I wanted to write about that conversation, but I didn’t know how to frame it until yesterday.

Yesterday, I found inspiration in this tweet.***

I read the original tweet and could practically hear the words “but my white friends said–” and “my black friend said–” underlying them.

I immediately googled “most white people only have one black friend.” I know from old readings that white people’s social networks are overwhelmingly white, but “one black friend” was a guess … one I wasn’t surprised yielded some near perfect matches.

But it turns out most white people in the U.S. don’t even have one non-white friend.

This is never so clear to me as when one white person accuses another white person of voting based on white privilege.

‘Cause, see, what they’re actually saying is, “I don’t know enough black or brown people to know that not all of them are voting for Clinton.” While my blogging friend Ré is voting for Clinton, with some (understandable) trepidation, many others are not. See here and here for two examples of eloquent refusal to vote for Clinton.****

These white people say, “Imma talk about your white privilege, ’cause other white people/my one black friend said that’s what it is.”

When these white voters attack other white voters for showing “white privilege,” they do so unironically, oblivious to how their own white privilege–of segregation and suppression–shows when they do.

“But my black friend said–” is no justification at all. It’s more of a sign that white people need to have more brown-skinned friends to truly appreciate that diversity of opinion isn’t just a white thing.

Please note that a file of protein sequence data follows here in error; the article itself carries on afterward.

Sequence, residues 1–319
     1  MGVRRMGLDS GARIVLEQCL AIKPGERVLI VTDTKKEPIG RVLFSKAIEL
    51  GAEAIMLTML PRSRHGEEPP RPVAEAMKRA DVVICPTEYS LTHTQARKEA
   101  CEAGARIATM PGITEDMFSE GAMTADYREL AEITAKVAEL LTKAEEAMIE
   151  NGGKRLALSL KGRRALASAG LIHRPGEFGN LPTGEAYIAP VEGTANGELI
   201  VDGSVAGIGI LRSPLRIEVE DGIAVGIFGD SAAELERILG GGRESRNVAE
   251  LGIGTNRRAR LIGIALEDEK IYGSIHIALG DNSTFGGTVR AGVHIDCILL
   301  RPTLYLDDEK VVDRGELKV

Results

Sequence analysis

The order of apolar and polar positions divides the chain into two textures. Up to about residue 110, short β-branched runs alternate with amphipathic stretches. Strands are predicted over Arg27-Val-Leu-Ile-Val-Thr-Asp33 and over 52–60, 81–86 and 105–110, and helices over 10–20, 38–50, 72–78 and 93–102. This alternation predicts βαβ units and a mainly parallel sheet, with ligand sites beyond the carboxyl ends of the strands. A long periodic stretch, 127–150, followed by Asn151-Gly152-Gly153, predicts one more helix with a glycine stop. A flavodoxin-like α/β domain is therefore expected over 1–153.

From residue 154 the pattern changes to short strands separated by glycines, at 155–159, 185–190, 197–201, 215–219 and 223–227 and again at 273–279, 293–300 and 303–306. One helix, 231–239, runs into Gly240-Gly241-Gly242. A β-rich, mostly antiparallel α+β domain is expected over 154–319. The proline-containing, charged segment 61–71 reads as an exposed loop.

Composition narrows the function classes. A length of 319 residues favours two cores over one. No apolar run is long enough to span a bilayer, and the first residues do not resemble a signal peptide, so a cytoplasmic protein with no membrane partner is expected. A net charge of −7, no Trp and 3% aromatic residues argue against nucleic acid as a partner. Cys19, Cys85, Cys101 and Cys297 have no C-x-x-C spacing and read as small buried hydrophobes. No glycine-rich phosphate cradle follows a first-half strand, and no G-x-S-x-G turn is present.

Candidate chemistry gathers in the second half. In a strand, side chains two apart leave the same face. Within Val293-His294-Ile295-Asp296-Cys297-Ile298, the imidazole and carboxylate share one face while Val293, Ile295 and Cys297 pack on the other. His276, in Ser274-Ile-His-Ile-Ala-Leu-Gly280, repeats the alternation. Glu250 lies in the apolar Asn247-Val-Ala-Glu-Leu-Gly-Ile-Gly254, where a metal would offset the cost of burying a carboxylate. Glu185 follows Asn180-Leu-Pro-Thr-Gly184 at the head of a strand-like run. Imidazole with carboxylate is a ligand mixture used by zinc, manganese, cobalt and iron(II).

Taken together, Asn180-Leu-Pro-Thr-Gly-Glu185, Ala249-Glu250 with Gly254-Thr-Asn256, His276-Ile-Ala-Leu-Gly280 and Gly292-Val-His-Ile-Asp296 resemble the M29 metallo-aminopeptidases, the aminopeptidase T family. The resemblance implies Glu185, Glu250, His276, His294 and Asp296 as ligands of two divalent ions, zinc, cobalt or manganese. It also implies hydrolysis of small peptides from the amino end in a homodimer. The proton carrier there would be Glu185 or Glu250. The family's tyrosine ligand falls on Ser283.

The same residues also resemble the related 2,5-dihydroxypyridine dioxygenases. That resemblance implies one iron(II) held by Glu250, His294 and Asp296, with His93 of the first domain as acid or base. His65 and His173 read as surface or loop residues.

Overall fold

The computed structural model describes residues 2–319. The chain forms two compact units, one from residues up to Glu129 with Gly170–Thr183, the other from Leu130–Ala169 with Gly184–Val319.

It’s a HUMAN thing.

* See posts tagged “racism” on my main blog
for more context on this statement.

** Little-r racism is the kind evidenced by individual citizens.
Capital-R racism, or “structural racism,” permeates institutions.

*** Sadly, the original tweeter deleted his/her tweet. The gist was,
“Sanders lost because he completely failed to engage people of color. Period.”
But, hey! @ActualFlatticus is my favorite tweep, and I highly recommend
his thread of 101 [Clinton] things we should all ignore because Trump.

**** See also Michelle Alexander’s The New Jim Crow and/or
Why Hillary Clinton Doesn’t Deserve the Black Vote.”

 

 

 

 

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  1. July 20, 2017 at 10:35 am

    Love the candidness of the post. Also, I love your perspective being a white woman in an interracial relationship. Your stance and opinion are inspiring. The open dialogue and expression. Thank you

    • July 20, 2017 at 4:44 pm

      I’m really grateful for your comment, because I ended up feeling sensitive about the post soon after posting it. I wondered if I should’ve just let it sit in “private” mode elsewhere. But reading your comment and then revisiting the post made me glad I did share it. Thanks! It’s wild to see how much I’ve learned over the last eight years, and to know there’s still so much I don’t understand. I’m trying, though. 🙂

      • July 21, 2017 at 2:48 am

        Like I said definitely glad you posted this. As a black man in an interracial marriage sometime we overlook small details but being able to read your experience wash refreshing. It made me think about similar conversations with my wife.